August 26th, 2017, 08:18 PM  #11 
Senior Member Joined: Nov 2015 From: hyderabad Posts: 211 Thanks: 2  Are you referring $N$ as a subset of Reals or $N$ as the set of Natural numbers ?

August 26th, 2017, 08:19 PM  #12  
Senior Member Joined: Aug 2012 Posts: 1,704 Thanks: 454  Quote:
You introduced the notation N and now you are asking me what it means. You said it's a subset of R but you did not mark up R as $\mathbb R$. I assumed that N is an arbitrary subset of the reals, and I had to assume R is the reals. Isn't that what you meant? In other words in your first post when you wrote: "A subset N of R" I had to assume that: 1) N is not mathbb'd so it must be some arbitrary set, N meaning "neighborhood"; and 2) R is not marked up because it IS the reals and you just didn't mark it up for some reason. So that's where some confusion exists right from the start. Can you clarify your notation? Last edited by Maschke; August 26th, 2017 at 08:36 PM.  
August 26th, 2017, 08:35 PM  #13 
Senior Member Joined: Nov 2015 From: hyderabad Posts: 211 Thanks: 2 
Sorry about that. Since you have asked whether $N$ is a neighbourhood of $2$, I thought you might be asking about Natural Numbers. The open Interval $\displaystyle (0,1)$ is a neighbourhood of the point $1/2$ , since the Real numbers $\displaystyle 1/2 \epsilon $ and $\displaystyle 1/2+ \epsilon $ where $\displaystyle \epsilon > 0 $ lies in the open interval. 
August 26th, 2017, 08:38 PM  #14  
Senior Member Joined: Aug 2012 Posts: 1,704 Thanks: 454  Quote:
Quote:
Please refer back to the exact definition of neighborhood and convince me that $(0,1)$ either is or isn't a neighborhood of $\frac{1}{2}$. The art of proofs is to refer back to the EXACT definition, and then to see if some particular example does or doesn't fit the definition. Last edited by Maschke; August 26th, 2017 at 08:43 PM.  
August 26th, 2017, 08:49 PM  #15  
Senior Member Joined: Nov 2015 From: hyderabad Posts: 211 Thanks: 2  Quote:
 
August 26th, 2017, 08:56 PM  #16  
Senior Member Joined: Aug 2012 Posts: 1,704 Thanks: 454  Quote:
I understand that you're not (yet) good at proofs. You've mentioned your educational objective. It's with that in mind that I'm being insistent. Let's see if we can construct a proof. Last edited by Maschke; August 26th, 2017 at 09:02 PM.  
August 26th, 2017, 09:49 PM  #17 
Senior Member Joined: Nov 2015 From: hyderabad Posts: 211 Thanks: 2 
We have $\displaystyle (0,1) = ${$\displaystyle x0<x<1$} Since $\displaystyle 0<1/2<1$, it is enough to show that $\displaystyle (0,1)$ is a neighbourhood of $1/2$. 1. Let $x$ be any point in the open interval $\displaystyle (0,1)$. $\displaystyle x \epsilon (0,1) \subset (0,1)$ (since every set is a subset of itself). Since x is any point of $\displaystyle (0,1)$ $\displaystyle (0,1)$ is a neighbourhood of each of its points. Hence $\displaystyle (0,1)$ is a neighbourhood of $1/2$. (or) 2. As $\displaystyle (0,1)$ is an open interval which implies that $\displaystyle (0,1)$ is an open set (Since Every Open interval is an open set) because it is a neighbourhood of each of its points. Hence $\displaystyle (0,1)$ is a neighbourhood of $1/2$. Is it necessary to prove that an open interval is the neighbourhood of each of its points? Or can we just name it like (Every set is a subset of itself)? Last edited by skipjack; August 26th, 2017 at 10:18 PM.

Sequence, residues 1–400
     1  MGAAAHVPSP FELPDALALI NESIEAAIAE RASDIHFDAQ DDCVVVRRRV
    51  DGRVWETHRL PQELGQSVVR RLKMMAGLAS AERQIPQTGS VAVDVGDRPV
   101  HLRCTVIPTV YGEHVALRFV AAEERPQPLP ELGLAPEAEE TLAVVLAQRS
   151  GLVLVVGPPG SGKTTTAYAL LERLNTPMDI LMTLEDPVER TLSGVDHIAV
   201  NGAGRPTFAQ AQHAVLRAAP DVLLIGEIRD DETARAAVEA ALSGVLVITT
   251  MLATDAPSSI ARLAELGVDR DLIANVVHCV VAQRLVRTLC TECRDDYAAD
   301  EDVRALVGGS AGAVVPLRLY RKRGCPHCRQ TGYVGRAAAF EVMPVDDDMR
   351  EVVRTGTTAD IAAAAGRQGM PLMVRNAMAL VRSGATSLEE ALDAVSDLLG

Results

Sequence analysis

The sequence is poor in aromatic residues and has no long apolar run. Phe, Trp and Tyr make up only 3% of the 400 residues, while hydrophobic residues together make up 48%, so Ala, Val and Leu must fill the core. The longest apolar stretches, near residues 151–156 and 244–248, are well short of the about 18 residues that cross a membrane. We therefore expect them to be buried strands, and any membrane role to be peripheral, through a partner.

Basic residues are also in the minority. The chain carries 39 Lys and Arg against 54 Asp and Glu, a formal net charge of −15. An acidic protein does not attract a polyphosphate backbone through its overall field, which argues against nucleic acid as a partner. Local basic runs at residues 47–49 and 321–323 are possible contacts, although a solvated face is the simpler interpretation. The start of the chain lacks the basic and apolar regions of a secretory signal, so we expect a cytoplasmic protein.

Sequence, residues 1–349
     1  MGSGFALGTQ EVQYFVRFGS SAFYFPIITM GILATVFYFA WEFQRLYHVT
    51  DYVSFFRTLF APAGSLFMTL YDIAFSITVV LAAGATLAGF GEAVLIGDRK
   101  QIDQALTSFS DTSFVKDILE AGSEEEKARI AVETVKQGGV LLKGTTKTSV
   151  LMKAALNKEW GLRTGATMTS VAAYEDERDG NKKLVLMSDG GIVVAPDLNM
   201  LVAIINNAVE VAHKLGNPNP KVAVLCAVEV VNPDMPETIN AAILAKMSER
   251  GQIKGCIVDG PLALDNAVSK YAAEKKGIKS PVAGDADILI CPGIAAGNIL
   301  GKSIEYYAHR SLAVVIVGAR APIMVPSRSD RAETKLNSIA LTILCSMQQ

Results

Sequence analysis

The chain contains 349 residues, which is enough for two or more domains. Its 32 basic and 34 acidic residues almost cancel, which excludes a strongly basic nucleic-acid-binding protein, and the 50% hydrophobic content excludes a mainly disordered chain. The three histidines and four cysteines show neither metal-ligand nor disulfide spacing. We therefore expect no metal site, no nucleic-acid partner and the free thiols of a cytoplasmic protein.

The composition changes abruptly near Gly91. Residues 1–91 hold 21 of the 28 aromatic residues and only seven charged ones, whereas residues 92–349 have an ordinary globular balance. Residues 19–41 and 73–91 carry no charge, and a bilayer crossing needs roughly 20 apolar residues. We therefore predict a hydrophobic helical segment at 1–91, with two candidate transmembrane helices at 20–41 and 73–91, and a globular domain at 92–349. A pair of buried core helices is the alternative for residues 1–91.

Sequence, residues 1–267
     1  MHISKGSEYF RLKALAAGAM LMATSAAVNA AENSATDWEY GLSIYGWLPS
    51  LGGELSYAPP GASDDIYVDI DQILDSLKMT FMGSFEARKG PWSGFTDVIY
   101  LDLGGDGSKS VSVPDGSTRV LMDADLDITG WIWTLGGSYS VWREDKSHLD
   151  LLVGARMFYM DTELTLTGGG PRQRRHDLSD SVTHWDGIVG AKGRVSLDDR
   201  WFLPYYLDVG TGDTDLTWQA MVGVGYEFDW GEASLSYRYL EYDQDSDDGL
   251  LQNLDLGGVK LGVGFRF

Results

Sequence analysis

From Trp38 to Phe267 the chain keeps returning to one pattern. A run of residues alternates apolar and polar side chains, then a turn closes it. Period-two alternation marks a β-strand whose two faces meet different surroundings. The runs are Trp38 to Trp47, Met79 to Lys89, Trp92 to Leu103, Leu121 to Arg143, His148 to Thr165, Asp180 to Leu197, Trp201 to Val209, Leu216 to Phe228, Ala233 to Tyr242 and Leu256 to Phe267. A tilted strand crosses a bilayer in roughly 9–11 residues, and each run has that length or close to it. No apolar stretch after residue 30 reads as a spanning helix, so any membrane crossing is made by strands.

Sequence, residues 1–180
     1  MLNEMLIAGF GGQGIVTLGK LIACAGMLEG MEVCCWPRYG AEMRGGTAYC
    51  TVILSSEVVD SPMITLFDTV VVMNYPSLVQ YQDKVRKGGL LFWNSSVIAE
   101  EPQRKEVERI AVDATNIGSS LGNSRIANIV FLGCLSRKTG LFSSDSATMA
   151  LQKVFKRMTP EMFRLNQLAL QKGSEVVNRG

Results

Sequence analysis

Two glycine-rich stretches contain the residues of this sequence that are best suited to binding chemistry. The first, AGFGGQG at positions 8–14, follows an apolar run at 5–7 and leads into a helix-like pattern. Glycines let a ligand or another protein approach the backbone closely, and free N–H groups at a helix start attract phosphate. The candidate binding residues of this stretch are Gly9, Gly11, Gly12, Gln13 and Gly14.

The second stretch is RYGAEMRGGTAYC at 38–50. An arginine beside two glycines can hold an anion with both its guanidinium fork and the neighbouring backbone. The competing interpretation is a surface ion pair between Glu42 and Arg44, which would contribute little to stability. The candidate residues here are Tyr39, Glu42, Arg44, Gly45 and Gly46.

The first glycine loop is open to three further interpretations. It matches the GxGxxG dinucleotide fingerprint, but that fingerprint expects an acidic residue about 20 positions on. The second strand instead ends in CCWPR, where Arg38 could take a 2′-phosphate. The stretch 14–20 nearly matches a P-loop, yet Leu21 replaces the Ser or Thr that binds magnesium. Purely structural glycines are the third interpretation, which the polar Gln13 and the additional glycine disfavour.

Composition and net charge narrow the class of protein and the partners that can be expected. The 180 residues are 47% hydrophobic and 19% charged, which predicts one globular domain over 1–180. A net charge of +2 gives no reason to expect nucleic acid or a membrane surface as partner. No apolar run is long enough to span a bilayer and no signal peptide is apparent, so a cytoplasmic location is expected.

August 27th, 2017, 01:13 PM  #18  
Senior Member Joined: Aug 2012 Posts: 1,704 Thanks: 454  Quote:
Secondly, what is wrong with the following FALSE argument, which is identical to yours: (FALSE) Claim: $[0,1]$ is a neighborhood of $0$. (FALSE) Proof: Let $x \in [0,1] \subset [0,1]$. Since $x$ is any point of $[0,1]$, then $[0,1]$ is a neighborhood of any of its points, hence it's a neighborhood of $0$. Now this is false and nonsensical. But it's identical to your proof. Do you understand that you need to prove the proposition directly from the definition of neighborhood you gave in your first post? Do you see that you have not done that? Quote:
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You initially wrote the following definition: Given that definition, you need to show that $(0,1)$ is a neighborhood of $\frac{1}{2}$. Last edited by Maschke; August 27th, 2017 at 01:18 PM.  
August 27th, 2017, 08:48 PM  #19 
Senior Member Joined: Nov 2015 From: hyderabad Posts: 211 Thanks: 2 
We have $\displaystyle (0,1) \subset R $ let $\displaystyle \epsilon = 0.5 > 0 $ and $\displaystyle x = 1/2 $. we need to show that $\displaystyle (x \epsilon, x+ \epsilon) \subset (0,1) $ $\displaystyle (1/20.5, 1/2+0.5)$ $\displaystyle (0,1) \subset (0,1) $ ( Since every set is a subset of itself) Hence $\displaystyle (0,1) $ is a neighborhood of $\displaystyle 1/2$. Please let me know more errors!ðŸ˜… 
August 27th, 2017, 09:03 PM  #20  
Senior Member Joined: Aug 2012 Posts: 1,704 Thanks: 454  Quote:
Also it's confusing that you say every set is a subset of itself. That's not relevant here. What you need is that the epsiloninterval of 1/2 is a subset of (0,1). That's clear, right? So now we have a better sense of what a neighborhood is. By the way, is [0,1] a neighborhood of 0? Why or why not? Ok onward. Now what is the next step in your question? I assume we're working the problem in the original post. Last edited by Maschke; August 27th, 2017 at 09:20 PM.  

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